Cautious Cars & Cantankerous Kitchens: Apply Cognitive Science to Everyday Life
Nielsen Norman Group
Cautious cars? We already have them. Cantankerous kitchens? Not yet, but they are coming. Our products are getting more intelligent and more demanding. Not only do they tell us what routes to take when we drive, but also how to drive. In fact, if they don’t like our driving, they are starting to take control. When one model of the Lexus senses a potential collision, it looks at the driver through its TV camera on the steering column and, if the driver is not paying attention to the road, it brakes.
The future is one of increasing encroachment of automation into our lives, especially in the home and automobile. But the machines are not intelligent; the intelligence is in the minds of the designers, people who are not present when the unexpected happens. There is a way to build systems so as to maximize utility and pleasure while minimizing the dangers and frustrations.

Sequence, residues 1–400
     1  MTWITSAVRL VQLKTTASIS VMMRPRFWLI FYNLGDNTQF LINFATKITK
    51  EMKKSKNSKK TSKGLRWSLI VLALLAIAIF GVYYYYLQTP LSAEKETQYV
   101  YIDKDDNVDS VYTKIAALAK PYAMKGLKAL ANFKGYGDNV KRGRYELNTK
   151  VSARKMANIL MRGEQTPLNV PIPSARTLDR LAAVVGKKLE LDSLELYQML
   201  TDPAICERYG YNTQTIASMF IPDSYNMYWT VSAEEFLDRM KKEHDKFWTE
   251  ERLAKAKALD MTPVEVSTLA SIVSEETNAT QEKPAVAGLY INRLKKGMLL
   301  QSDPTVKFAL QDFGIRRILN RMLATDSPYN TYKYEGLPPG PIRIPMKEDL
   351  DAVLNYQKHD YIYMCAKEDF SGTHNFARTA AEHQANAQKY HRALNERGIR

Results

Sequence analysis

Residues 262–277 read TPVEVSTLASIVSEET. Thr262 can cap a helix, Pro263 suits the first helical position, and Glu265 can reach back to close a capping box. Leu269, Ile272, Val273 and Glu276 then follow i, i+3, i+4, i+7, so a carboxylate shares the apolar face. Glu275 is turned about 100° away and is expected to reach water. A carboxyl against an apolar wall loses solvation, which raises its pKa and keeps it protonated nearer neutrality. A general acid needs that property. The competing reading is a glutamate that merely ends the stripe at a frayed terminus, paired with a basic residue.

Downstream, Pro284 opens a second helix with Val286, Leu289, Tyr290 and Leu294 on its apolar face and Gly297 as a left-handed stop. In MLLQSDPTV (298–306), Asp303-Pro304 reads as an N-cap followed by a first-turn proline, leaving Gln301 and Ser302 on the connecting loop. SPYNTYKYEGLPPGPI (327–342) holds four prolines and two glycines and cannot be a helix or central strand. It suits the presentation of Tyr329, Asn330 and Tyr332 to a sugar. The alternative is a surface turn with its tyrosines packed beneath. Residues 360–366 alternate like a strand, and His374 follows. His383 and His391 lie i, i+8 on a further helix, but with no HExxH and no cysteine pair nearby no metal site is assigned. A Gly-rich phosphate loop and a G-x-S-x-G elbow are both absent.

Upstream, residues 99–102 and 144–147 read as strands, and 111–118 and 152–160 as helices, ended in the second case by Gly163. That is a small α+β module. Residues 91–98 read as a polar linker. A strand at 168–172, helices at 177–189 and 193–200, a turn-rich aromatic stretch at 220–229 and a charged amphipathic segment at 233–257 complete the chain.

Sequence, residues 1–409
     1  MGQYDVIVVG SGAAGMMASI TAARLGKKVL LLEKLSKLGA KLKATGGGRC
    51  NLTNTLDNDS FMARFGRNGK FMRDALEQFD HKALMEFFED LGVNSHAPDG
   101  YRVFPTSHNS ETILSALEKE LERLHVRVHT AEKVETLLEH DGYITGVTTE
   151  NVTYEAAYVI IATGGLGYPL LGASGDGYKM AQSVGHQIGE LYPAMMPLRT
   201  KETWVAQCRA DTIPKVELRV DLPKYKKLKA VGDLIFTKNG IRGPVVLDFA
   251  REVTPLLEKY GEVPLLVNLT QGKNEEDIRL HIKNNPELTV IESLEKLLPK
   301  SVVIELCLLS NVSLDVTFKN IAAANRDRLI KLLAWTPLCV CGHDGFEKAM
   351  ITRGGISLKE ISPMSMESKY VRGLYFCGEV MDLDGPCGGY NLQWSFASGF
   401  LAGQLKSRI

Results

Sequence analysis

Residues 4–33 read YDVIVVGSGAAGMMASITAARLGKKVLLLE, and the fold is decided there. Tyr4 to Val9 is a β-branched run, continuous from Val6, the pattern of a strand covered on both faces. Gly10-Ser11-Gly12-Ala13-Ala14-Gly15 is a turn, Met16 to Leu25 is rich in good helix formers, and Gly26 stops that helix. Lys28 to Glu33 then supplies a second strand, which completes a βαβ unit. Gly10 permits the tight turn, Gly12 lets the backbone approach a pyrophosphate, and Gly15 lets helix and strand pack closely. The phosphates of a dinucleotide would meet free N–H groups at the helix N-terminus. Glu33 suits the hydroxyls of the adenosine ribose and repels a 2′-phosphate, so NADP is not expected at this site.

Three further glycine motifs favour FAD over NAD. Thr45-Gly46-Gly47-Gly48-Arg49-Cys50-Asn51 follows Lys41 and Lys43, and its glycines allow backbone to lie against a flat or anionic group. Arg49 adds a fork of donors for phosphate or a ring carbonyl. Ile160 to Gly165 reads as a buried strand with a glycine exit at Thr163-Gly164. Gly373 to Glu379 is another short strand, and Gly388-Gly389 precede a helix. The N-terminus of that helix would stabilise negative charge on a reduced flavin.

In this talk I will explore how principles from Cognitive Science can be used to make devices that fit better into our lives.
Don Norman is cofounder of the Nielsen Norman Group, Professor at Northwestern University, and former VP of Apple Computer. He was the founding chair of the department of cognitive science at the University of California, San Diego, a founder of the Cognitive Science society, where he served as Chair and editor of its journal. He serves on many advisory boards, including Chicago’s Institute of Design, Encyclopedia Britannica, and the department of industrial engineering in Korea’s KAIST. In 2006 he was awarded the Benjamin Franklin medal in Computer and Cognitive Science. He has honorary degrees from the University of Padova (Italy) and the Technical University Delft (the Netherlands) and is the author of “The Design of Everyday Things” and “Emotional Design.” His newest book, “The Design of Future Things,” discusses the role that automation will play in such everyday places as the home, and automobile. He lives at www.jnd.org, which is located in Palo Alto half the year, Evanston IL the other half.
Added by bradlauster on January 14, 2007